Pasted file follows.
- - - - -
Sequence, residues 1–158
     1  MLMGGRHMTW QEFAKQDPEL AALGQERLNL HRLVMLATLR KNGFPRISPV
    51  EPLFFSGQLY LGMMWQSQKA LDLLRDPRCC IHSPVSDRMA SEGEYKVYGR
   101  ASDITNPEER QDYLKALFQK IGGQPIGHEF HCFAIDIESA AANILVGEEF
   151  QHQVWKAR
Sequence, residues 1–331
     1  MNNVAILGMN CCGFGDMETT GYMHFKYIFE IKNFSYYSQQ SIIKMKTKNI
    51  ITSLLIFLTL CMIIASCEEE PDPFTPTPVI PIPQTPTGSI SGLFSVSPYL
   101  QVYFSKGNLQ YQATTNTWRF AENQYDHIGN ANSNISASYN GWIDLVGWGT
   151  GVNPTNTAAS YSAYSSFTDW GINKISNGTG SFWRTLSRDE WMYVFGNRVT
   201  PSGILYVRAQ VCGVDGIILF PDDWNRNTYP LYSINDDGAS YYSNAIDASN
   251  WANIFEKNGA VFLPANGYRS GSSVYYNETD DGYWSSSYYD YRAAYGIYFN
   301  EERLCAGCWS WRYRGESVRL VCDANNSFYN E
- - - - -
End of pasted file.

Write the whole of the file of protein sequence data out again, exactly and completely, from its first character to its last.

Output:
Sequence, residues 1–158
     1  MLMGGRHMTW QEFAKQDPEL AALGQERLNL HRLVMLATLR KNGFPRISPV
    51  EPLFFSGQLY LGMMWQSQKA LDLLRDPRCC IHSPVSDRMA SEGEYKVYGR
   101  ASDITNPEER QDYLKALFQK IGGQPIGHEF HCFAIDIESA AANILVGEEF
   151  QHQVWKAR
Sequence, residues 1–331
     1  MNNVAILGMN CCGFGDMETT GYMHFKYIFE IKNFSYYSQQ SIIKMKTKNI
    51  ITSLLIFLTL CMIIASCEEE PDPFTPTPVI PIPQTPTGSI SGLFSVSPYL
   101  QVYFSKGNLQ YQATTNTWRF AENQYDHIGN ANSNISASYN GWIDLVGWGT
   151  GVNPTNTAAS YSAYSSFTDW GINKISNGTG SFWRTLSRDE WMYVFGNRVT
   201  PSGILYVRAQ VCGVDGIILF PDDWNRNTYP LYSINDDGAS YYSNAIDASN
   251  WANIFEKNGA VFLPANGYRS GSSVYYNETD DGYWSSSYYD YRAAYGIYFN
   301  EERLCAGCWS WRYRGESVRL VCDANNSFYN E